More Scots get on the property ladder as mortgage lending rises

MORTGAGE lending increased by 8 per cent in Scotland in the third quarter of 2011, according to new figures.

The number of loans for house purchase rose from 11,500 in the previous quarter to 12,400.

The rise reflected a wider UK trend, with lending for house purchase increasing by 16 per cent.

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The figures, released by the Council of Mortgage Lenders (CML) Scotland, also showed that loans to first-time buyers increased during the third quarter, up 7 per cent to 4,600, worth £429 million, an increase of 10 per cent – compared with UK rises of 13 per cent and 16 per cent respectively.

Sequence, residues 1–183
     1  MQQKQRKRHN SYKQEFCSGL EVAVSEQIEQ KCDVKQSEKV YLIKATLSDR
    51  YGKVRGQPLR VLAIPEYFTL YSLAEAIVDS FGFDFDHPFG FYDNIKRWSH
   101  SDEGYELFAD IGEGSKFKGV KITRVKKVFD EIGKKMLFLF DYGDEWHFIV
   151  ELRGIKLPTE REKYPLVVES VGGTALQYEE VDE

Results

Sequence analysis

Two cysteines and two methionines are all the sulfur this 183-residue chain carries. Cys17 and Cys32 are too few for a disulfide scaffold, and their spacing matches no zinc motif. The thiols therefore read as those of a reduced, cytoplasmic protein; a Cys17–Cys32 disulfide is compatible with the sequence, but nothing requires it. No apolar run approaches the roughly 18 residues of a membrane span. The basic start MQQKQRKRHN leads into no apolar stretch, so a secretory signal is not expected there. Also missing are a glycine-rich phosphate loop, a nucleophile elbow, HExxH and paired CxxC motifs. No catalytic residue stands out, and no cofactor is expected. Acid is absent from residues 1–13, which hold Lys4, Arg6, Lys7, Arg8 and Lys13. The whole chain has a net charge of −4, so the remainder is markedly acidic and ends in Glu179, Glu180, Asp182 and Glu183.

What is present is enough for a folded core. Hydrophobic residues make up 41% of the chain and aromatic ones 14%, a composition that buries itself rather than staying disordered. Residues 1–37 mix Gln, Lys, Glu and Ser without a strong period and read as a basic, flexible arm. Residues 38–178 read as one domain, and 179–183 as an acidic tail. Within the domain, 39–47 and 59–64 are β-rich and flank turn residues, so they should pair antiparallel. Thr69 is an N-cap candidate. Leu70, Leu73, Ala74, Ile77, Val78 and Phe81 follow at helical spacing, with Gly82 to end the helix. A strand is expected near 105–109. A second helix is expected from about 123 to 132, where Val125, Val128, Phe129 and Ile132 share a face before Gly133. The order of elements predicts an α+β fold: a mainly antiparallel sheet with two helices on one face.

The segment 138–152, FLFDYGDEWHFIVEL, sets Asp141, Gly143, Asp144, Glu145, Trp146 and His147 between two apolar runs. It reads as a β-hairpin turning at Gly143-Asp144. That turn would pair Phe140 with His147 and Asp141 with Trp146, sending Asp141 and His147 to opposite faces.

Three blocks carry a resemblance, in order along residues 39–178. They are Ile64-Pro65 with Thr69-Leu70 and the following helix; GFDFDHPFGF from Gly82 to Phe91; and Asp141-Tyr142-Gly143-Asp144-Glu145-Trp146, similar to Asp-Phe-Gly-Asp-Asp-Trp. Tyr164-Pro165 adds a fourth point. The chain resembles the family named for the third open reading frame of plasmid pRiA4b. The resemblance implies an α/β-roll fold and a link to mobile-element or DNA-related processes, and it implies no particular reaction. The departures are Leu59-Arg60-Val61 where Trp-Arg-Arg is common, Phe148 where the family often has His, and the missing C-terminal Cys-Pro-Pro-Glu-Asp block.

First-time buyers typically borrowed 80 per cent of their property’s value, up from 79 per cent in the second quarter, bringing the average loan-to-value ratio in Scotland in line with the UK average.

CML Scotland policy consultant Kennedy Foster said: “The mortgage market in Scotland is currently stable albeit at a low level.

“We anticipate growth is likely to remain slow going forward, although welcome developments, such as smaller deposits, have emerged and a Scottish mortgage indemnity scheme for new-build properties is being introduced.”

He said, however, that the uncertain economic outlook and low consumer confidence would mean that the Scottish mortgage market would, like the rest of the UK, remain “constrained”.